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April 13, 2020

Will the 2020 Election Resolve the Question of Medicare for All?

Author Affiliations
  • 1Department of Health Policy and Management, Harvard T.H. Chan School of Public Health, Boston, Massachusetts
  • 2John F. Kennedy School of Government, Harvard University, Cambridge, Massachusetts
JAMA Health Forum. 2020;1(4):e200339. doi:10.1001/jamahealthforum.2020.0339

Political news coverage might lead one to believe that the 2020 election will settle the question of whether the country will move toward Medicare for All. This is, however, unlikely to be the case.

Obstacles Facing Enactment

First, Medicare for All legislation is unlikely to be enacted in the follow-up to the 2020 election. Such an outcome would require the election of a Democratic president committed to Medicare for All, as well as a Democratic majority in the US House of Representatives and 60 or more Democratic senators, all of whom would have to be committed to supporting the legislation. Also, as of today, large numbers of Democrats in the House and Senate have not chosen to sign on to a Medicare for All bill. This is important because, given the political polarization in Congress, it is unlikely that any Republicans will vote for Medicare for All legislation. When the Patient Protection and Affordable Care Act (ACA) was passed in 2010, it did not receive a single Republican vote, in contrast to the 1965 enactment of Medicare, when nearly half the Republican members of Congress voted in favor.

The Current Divided Situation

However, difficulty in passing Medicare for All legislation in the aftermath of the 2020 election does not mean that the issue will disappear from the health care agenda. Not widely recognized is that a majority of people in the US are telling pollsters that they favor multiple different approaches to changing the health care system: enacting Medicare for All (52%-56%)1,2 and keeping the ACA (55%), including having a public option (66%)1 and allowing adults younger than 65 years the option to buy health insurance through Medicare (72%).3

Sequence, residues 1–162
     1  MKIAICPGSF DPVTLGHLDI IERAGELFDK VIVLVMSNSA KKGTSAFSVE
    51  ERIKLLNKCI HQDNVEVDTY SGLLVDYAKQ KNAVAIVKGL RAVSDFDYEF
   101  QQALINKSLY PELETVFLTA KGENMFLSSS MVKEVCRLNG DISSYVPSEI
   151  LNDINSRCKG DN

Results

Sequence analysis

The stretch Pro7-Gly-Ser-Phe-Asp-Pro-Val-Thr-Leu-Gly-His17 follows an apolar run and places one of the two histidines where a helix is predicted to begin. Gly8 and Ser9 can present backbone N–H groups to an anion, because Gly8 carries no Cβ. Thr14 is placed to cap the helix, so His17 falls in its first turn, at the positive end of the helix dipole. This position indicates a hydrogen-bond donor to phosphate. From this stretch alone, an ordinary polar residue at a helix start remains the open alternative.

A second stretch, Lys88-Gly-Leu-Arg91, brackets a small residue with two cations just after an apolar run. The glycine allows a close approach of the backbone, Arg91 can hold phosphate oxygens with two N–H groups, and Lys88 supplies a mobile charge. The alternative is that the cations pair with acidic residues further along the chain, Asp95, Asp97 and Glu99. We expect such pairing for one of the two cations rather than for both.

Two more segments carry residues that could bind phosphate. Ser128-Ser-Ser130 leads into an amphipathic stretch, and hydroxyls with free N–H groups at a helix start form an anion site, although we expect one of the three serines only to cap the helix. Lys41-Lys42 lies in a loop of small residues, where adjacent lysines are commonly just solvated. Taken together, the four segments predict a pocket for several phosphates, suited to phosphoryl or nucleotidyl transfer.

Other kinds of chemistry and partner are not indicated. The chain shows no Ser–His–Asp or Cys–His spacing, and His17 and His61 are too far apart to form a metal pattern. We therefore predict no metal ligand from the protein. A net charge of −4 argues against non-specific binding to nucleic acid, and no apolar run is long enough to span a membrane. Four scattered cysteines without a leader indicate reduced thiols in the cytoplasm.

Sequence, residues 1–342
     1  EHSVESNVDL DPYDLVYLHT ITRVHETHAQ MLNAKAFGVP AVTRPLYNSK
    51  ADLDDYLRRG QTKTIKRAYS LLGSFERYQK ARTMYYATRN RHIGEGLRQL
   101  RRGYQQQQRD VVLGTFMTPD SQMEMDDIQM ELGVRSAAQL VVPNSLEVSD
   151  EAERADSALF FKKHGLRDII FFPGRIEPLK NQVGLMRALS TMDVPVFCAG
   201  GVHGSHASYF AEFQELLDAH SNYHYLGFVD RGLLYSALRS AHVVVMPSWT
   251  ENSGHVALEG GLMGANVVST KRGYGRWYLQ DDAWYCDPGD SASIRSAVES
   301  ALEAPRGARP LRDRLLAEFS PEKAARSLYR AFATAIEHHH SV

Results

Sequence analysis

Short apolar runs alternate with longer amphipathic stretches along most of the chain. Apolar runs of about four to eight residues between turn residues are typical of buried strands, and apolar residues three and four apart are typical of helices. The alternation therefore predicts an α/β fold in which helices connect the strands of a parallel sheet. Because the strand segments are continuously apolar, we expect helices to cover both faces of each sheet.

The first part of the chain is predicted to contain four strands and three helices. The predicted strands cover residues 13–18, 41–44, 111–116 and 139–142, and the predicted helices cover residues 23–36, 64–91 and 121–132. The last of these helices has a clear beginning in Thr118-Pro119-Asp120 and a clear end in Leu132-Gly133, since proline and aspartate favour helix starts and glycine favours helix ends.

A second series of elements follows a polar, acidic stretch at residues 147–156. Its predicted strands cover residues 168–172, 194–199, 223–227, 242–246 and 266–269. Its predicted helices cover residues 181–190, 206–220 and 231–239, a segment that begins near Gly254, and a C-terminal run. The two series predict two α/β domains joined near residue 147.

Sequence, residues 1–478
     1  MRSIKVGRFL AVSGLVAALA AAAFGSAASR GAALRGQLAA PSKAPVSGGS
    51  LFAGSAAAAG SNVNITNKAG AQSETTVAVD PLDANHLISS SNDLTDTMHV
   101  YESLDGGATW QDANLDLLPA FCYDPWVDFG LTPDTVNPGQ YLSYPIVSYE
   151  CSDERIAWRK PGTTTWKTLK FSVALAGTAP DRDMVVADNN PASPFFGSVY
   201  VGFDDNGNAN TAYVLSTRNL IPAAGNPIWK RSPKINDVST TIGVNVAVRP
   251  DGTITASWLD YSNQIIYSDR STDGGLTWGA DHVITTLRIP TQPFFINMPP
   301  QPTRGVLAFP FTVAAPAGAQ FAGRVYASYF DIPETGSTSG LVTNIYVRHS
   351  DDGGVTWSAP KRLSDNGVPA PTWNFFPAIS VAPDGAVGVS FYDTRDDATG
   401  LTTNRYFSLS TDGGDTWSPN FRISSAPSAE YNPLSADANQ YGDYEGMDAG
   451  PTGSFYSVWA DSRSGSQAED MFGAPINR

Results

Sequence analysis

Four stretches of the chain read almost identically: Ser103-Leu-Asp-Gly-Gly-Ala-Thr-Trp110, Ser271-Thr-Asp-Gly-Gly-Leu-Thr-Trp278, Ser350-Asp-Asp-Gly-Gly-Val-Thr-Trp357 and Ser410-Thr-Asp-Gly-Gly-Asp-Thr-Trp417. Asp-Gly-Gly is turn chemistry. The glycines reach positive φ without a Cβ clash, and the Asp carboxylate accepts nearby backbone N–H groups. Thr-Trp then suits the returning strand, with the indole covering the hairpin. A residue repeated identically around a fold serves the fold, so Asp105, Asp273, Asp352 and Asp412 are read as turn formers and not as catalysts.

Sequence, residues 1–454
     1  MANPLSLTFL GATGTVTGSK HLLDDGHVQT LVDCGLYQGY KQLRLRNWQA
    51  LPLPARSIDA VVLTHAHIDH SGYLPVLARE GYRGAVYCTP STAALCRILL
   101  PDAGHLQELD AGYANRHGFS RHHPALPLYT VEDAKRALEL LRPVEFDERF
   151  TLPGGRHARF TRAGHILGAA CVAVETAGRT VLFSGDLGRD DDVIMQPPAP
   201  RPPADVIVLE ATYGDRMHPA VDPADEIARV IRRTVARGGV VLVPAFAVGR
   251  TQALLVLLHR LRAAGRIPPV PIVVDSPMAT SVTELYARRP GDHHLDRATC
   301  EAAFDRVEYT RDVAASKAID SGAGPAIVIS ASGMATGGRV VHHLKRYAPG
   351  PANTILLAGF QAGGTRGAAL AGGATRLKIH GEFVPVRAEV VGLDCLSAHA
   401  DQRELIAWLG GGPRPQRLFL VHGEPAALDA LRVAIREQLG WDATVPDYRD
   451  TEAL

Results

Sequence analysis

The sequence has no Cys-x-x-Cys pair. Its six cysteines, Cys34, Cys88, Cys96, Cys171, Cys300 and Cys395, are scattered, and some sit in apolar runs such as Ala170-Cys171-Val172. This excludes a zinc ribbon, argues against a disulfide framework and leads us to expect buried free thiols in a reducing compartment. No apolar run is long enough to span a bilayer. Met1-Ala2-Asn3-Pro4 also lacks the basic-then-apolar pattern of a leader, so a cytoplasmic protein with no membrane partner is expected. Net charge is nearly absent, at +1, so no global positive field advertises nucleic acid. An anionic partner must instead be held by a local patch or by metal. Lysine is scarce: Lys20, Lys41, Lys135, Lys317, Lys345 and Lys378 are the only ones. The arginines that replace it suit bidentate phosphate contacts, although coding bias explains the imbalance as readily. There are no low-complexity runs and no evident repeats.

When asked what their first choice would be among 3 possible changes in the nation’s health insurance system (Medicare for All, improving the existing ACA, and replacing the ACA with state-based health plans), Americans are almost evenly divided in their preferences. None of the plans emerges as the most-preferred option of a majority of the public. However, Medicare for All is the option most favored by a majority of liberal Democrats (52%).4

The Changing Politics of America

This is important because polls show that a growing proportion of Democrats are identifying as politically liberal, and liberal Democrats are younger on average than moderate or conservative Democrats.5 Liberal Democrats are more likely than moderate or conservative Democrats to support Medicare for All (52% vs 39%) most among the 3 options tested against each other.4 Fundamental changes that are moving the Democratic Party in a more liberal direction are likely over time to increase the number of voters committed to Medicare for All.

The Future of the Debate

As a result, if Democrats do not have the votes in Congress or the president elected in 2020 does not favor Medicare for All, it is likely to remain an issue in Democratic primaries and general elections for years into the future. In addition, it will persist because younger adults aged 18-29 years are more likely than those 50 years or older to support Medicare for All (63% vs 53%).2

It is important to recognize how perspectives can change over time. In 2010, Americans’ views about a public option were divided (49% to 51% in favor in 3 polls),6 and a public option was not included in the ACA because of concerns it would affect overall support that legislation. Now, 10 years later, when people are polled about a public option or a Medicare buy-in, public support is 66% and 72%, respectively.1,3 So it is not impossible that, regardless of the 2020 election, support for Medicare for All could increase over time.